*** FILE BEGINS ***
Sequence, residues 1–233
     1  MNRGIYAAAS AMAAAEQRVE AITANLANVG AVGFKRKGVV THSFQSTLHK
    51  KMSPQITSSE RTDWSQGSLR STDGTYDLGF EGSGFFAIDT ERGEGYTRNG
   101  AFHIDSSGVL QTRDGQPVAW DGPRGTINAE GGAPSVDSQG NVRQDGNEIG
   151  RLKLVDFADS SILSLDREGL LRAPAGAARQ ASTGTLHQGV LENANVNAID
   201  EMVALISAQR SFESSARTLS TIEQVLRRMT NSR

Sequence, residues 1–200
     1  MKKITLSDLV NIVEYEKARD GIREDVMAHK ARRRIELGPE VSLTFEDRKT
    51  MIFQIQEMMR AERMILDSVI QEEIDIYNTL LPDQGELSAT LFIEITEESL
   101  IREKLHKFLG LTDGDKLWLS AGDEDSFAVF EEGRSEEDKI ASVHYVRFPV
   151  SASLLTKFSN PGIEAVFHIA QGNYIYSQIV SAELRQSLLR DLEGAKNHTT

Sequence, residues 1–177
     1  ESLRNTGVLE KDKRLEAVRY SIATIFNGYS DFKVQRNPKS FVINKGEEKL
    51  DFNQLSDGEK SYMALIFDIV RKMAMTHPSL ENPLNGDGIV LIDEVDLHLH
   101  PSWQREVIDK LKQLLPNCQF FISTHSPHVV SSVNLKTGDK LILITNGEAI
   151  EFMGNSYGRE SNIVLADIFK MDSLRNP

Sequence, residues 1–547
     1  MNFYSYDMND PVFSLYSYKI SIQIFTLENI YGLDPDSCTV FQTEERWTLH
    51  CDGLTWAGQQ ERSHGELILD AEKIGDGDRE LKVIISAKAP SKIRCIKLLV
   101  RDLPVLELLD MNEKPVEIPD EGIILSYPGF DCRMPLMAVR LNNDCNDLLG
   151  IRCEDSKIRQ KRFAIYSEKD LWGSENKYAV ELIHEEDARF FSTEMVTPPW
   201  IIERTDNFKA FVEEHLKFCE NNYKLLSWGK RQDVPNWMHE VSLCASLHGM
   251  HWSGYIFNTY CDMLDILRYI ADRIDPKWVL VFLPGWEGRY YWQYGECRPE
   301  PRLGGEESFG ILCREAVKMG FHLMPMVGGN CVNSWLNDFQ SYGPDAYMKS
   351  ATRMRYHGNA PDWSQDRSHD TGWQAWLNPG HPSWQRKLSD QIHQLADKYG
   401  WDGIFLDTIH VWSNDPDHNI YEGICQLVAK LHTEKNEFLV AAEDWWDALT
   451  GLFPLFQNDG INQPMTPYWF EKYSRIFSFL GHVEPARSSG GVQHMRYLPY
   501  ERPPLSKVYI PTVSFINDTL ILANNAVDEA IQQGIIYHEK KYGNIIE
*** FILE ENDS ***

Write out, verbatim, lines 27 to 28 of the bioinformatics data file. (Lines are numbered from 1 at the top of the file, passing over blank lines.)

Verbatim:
   451  GLFPLFQNDG INQPMTPYWF EKYSRIFSFL GHVEPARSSG GVQHMRYLPY
   501  ERPPLSKVYI PTVSFINDTL ILANNAVDEA IQQGIIYHEK KYGNIIE